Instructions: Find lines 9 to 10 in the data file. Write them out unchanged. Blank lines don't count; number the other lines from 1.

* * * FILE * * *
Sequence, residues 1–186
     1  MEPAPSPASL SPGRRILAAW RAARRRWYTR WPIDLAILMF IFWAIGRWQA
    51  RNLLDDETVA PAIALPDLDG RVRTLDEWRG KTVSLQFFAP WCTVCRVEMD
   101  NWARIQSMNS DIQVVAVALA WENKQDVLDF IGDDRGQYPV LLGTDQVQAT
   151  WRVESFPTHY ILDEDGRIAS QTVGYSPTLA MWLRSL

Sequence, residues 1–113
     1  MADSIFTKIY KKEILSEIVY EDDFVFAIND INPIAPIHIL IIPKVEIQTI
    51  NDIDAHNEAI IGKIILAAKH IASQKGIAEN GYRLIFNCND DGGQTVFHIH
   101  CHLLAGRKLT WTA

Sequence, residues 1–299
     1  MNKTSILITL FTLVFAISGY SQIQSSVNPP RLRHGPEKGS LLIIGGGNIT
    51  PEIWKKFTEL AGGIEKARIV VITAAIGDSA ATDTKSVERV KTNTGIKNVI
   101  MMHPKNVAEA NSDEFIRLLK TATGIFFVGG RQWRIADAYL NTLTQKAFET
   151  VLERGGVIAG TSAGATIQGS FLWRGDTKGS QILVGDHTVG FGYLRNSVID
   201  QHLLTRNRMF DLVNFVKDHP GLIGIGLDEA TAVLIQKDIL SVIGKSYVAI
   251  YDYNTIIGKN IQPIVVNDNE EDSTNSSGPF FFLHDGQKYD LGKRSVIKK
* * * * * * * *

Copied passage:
   101  CHLLAGRKLT WTA

Sequence, residues 1–299